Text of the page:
The clay deposit was located on a hillside where the company had dug a tunnel for some
distance in the clay. The clay was probably weathered kaolinite formed from the
Leona rhyolite that underlies the hills. The clay deposit is on 20 acres and rises to a
height of 150 feet. The quality of the clay, according to tests, was believed to be
suitable for making face brick and firebrick.
On August 30, 1925, the company announced that it had already burned a considerable number of bricks at their Hayward brickyard and in two weeks, it would put on display in Oakland several thousand face and firebrick. They claimed that "their clay equal in good qualities any brick that can be bought on the market in the Eastbay."
Two examples of face brick shown below are believed to have been made at their Hayward yard. They are wire-cut face brick containing the name OAKLAND repressed into the face of the brick. I don't have a sample of their firebrick. No description of this brickyard is available, but from the brick it is evident that the plant was equipped with a crusher, screens, conveyor, pug mill, and wire-cutting extruding machines. The clay was taken from an underground mine, provided with tracks and mine cars for haulage to the plant. The type of kiln used is unknown.
Apparently, the venture failed within a year of opening in 1925 and no further reports came from this company. The company was never listed in business directories. Brick production was probably less than 100,000. There was an indication that the company may have had problems getting the plant online. All evidence of this brickyard has been erased by modern developments.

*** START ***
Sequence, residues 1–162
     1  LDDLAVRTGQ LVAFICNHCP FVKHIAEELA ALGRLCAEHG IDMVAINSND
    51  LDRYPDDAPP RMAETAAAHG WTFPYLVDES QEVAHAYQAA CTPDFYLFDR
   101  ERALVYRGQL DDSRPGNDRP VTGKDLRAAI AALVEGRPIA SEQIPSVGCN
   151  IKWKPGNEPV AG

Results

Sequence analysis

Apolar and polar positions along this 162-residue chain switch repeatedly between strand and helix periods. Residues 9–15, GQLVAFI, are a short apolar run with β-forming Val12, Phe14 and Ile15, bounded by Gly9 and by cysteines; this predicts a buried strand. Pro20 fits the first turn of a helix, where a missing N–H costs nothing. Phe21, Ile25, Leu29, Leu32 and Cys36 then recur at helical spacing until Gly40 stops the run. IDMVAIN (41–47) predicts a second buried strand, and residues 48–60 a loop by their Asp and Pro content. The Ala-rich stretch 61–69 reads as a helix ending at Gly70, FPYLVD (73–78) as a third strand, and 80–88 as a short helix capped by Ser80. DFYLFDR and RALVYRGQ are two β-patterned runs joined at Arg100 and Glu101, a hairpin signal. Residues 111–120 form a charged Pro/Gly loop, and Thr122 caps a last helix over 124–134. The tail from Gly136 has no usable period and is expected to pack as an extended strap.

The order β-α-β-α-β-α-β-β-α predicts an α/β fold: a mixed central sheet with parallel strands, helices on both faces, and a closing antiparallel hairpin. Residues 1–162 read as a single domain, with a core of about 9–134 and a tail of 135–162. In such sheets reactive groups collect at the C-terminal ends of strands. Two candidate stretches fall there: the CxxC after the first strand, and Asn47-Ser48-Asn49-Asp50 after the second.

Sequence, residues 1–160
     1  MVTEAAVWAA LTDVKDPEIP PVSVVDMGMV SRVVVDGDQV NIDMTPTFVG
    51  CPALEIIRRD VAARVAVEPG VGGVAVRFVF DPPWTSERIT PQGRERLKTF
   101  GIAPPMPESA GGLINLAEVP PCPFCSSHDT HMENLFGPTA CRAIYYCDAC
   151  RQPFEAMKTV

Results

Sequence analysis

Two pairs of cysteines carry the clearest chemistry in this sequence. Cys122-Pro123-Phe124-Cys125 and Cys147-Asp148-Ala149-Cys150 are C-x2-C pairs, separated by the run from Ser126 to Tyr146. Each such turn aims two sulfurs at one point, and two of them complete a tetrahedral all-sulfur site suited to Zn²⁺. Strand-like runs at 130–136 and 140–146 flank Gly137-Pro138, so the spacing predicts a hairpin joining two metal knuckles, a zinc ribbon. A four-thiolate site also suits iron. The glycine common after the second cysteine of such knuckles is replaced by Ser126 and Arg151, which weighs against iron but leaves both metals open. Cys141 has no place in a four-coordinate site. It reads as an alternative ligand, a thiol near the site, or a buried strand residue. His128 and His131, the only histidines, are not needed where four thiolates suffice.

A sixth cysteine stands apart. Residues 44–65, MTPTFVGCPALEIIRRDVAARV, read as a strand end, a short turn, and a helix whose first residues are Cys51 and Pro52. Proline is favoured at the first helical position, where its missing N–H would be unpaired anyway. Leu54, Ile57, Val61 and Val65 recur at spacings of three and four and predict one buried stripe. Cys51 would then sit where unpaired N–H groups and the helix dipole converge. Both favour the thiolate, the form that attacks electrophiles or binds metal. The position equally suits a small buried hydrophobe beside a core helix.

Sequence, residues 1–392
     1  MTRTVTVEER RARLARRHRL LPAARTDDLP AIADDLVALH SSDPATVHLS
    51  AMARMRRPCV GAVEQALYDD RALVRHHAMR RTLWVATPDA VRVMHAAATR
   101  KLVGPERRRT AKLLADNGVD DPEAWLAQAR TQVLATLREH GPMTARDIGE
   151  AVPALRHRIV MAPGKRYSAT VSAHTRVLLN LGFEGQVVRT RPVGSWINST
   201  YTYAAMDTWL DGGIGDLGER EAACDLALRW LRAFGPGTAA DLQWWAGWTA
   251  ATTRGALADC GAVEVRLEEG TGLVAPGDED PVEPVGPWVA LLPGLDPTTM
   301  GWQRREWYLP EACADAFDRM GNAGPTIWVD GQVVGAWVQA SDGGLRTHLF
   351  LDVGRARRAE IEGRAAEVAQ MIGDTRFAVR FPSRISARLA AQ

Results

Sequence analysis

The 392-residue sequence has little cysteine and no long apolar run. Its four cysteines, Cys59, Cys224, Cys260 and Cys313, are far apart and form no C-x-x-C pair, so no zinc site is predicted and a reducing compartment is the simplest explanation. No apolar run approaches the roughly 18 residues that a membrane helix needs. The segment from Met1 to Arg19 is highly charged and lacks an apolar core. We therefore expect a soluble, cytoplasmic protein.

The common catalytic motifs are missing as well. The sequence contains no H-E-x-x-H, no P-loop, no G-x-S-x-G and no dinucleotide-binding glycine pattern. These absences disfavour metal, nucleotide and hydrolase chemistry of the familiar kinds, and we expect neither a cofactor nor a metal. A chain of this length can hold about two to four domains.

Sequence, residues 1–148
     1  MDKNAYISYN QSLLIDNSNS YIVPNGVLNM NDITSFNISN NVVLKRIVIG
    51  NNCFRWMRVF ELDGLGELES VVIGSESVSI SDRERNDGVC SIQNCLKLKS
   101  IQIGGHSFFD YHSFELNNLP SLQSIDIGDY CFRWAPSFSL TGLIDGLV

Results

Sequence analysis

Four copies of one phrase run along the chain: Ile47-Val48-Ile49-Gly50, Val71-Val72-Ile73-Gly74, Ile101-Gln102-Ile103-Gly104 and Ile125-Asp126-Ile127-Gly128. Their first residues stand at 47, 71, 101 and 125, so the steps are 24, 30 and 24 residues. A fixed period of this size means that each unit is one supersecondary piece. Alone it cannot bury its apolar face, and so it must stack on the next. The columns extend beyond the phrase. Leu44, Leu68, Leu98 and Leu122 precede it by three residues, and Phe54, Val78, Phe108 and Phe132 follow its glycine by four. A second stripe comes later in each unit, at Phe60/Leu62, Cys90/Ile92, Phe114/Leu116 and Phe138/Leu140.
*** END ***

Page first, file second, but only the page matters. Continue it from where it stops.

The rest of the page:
The Oakland face brick is white with light red mottling. The sides are smooth and the
faces display curved wire-cut marks. The edges are straight and sharp. Minor white
quartz up to 1/4-inch across can be seen on the surface. The surface displays
minor pits and cracks. On one of the faces is marked the name OAKLAND recessed in block
letters that spans 5 1/2 inches and is 3/4 inch in height. The interior is granular compact with
about one percent subangular white quartz up to 1/4 inch across. This brick
was made using the stiff-mud process, extruded and wire-cut and repressed.
Length 8+ (right end broken), width 4, height 2 1/2 inches.
The pale orange Oakland face brick is uniform in color. The sides are smooth and edges are sharp. Curved wire-cut
marks are displayed on the surface. One side is impressed with dashes that are probably imprints from a conveyor belt.
On one of the faces is marked in recessed block letters with the company name OAKLAND, that spans 5 1/2 inches and is 3/4
inch in height. The interior clay body is a pale orange granular compact with one percent subangular translucent quartz less than
1/16 inch across that sparkles in the light. This brick was made using the stiff-mud process, extruded and wire-cut
and repressed. Length 8 3/8, width 4 1/8, height 2 1/2 inches.
Oakland Tribune, August 30, 1925.
Oakland Brick Co. Formed, Brick and Clay Record, v. 67, no. 7, 1925, p. 492.
Oakland City Directory, 1925.
Oakland City Directory, 1926.
Contact Dan Mosier at email@example.com.